Throughout her book Shannon Carter is making the argument that the autonomous model of literacy is a flawed way of thinking about and teaching literacy. She argues that literacy is not a discrete bundle of skills that has all encompassing usefulness in all situations. Rather, she asserts that literacy should be viewed as entirely contextually dependent. The idea that we are all political agents enacting a political agenda, unwittingly or not, causes complications when you try to figure out what to do with the basic writing student. How does a teacher best serve her basic writing students? One could assume by her very presence in a basic writing class that a basic writing student wishes to be a part of the community of practice that is the academy. After all, they have situated themselves within this particular community of practice even when that community has found them to be not so desirable. So, as a teacher, I struggle with wanting to honor their wish (of academic initiation and assimilation) and with wanting to act on my role as a political agent. I feel I should be asking and thinking about two questions all the time. 1) What is the best for the student in the academy and in life? 2) What does the student think? I think both of these questions will help me in my teaching because they both ask me to situate the need and thoughts of my students at the forefront of my teaching pedagogy.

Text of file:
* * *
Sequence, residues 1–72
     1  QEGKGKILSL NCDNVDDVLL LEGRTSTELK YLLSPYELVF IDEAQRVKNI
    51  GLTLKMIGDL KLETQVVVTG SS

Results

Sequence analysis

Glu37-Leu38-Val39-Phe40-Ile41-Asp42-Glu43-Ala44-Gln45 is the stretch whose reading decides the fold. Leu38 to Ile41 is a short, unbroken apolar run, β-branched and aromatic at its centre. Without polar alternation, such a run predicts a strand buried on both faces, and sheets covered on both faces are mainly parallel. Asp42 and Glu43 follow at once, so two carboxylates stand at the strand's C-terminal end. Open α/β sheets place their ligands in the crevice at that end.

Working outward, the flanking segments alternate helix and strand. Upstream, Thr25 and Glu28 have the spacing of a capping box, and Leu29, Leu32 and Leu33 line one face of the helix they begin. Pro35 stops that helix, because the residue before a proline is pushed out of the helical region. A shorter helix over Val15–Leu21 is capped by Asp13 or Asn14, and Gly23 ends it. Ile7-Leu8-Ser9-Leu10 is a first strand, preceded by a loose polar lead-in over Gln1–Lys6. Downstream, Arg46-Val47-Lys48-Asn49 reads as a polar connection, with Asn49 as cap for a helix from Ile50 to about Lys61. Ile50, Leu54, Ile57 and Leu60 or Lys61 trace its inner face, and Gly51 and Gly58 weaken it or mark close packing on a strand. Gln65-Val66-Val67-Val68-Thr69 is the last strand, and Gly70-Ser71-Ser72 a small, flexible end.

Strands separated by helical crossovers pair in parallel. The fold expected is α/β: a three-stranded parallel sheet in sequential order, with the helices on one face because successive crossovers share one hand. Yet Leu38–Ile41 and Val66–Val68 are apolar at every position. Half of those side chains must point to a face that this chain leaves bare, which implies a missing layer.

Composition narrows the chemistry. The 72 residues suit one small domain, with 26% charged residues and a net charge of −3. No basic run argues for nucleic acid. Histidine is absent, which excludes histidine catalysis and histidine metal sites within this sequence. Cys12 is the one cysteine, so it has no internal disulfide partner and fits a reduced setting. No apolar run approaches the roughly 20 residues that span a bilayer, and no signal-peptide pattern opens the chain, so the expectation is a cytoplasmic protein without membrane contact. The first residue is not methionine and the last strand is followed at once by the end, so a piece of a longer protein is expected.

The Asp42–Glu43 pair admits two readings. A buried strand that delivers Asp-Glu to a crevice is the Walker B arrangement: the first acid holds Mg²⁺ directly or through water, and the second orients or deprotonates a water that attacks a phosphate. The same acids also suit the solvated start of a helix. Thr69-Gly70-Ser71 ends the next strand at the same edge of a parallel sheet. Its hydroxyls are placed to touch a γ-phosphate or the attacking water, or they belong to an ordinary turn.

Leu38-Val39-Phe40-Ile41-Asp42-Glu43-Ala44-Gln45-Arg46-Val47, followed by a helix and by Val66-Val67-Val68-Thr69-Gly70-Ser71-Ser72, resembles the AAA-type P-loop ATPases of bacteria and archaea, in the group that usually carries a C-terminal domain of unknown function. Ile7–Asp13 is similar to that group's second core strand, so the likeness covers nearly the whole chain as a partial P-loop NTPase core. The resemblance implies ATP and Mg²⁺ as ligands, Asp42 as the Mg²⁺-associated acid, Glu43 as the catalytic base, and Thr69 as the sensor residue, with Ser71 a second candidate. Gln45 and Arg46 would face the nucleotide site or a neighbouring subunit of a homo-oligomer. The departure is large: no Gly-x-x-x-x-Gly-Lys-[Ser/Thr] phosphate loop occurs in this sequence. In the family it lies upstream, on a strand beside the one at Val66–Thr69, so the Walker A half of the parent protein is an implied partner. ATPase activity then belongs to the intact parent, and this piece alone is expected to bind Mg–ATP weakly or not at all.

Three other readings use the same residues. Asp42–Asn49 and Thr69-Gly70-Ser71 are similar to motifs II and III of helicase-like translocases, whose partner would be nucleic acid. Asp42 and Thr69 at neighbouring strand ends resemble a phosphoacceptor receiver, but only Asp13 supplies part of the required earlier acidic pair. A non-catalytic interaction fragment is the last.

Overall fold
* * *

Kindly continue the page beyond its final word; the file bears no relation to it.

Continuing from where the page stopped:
This brings me to the idea of educational reform or more broadly to just change. Carter and so many of the basic writing scholars and teachers are advocating for changes in assessments, curriculums, assumptions, and institutions. This is difficult to bring about and when it starts to happen, it is difficult to detect. Of course, as Shor and Carter and many others point out when change is in the air, there is almost always a backlash phenomenon. We are living in an era of such a backlash, a strange house of cards around which teachers and students must work. I think it is really important to think about how change happens in the aggregate as an accumulation of many minor victories. Minor victories are extremely important once they start to pile up. It’s a way to stay hopeful and active. This brings me back to the assertion from Linda Adler-Kassner and Susanmarie Harrington that “basic writing no matter how theorized or studied is fundamentally a classroom-based enterprise” (97). It seems that basic writing teachers have found lots of hope in the intellects of their students despite the constraints and limitations placed upon them. These scholars with their scholarly voices that are sounding from within the academy are informing us all that change is possible and it is here. We can offer this to our students.